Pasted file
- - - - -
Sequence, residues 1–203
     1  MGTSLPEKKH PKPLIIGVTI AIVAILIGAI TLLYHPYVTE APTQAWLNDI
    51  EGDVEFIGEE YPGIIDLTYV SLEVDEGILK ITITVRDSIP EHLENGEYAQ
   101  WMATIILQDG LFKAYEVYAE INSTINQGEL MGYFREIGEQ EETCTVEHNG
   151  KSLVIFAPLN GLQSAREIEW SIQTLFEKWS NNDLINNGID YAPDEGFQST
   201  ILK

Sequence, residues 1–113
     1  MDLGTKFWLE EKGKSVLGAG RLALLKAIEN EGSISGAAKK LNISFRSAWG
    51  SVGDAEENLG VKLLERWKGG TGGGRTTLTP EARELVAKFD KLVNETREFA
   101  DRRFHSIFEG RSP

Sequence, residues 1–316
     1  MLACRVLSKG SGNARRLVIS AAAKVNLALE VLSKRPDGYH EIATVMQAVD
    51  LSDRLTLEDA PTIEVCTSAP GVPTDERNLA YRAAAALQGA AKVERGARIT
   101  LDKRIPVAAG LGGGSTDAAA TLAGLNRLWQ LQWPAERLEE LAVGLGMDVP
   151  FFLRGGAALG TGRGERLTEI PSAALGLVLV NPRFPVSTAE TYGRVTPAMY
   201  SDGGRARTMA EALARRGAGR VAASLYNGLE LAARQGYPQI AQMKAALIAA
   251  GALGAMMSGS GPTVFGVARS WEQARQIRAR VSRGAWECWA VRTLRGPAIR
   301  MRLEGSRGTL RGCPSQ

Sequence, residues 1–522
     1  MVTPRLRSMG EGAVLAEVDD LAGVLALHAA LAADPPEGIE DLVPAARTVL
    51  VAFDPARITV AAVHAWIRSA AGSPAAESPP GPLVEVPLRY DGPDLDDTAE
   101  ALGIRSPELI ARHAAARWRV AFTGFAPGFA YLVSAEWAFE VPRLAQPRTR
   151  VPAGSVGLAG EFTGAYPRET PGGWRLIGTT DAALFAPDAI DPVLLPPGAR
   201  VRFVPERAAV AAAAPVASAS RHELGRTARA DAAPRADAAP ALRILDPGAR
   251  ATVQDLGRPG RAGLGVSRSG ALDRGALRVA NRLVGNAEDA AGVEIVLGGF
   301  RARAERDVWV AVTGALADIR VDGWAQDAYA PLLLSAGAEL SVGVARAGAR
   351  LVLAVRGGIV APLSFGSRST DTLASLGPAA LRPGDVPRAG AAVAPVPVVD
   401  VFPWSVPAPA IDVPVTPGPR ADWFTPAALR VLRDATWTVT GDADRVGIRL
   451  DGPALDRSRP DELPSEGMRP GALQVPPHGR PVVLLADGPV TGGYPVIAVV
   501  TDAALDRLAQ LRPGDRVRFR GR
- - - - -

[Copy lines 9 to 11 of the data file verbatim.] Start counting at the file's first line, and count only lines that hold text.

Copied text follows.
    51  SVGDAEENLG VKLLERWKGG TGGGRTTLTP EARELVAKFD KLVNETREFA
   101  DRRFHSIFEG RSP

Sequence, residues 1–316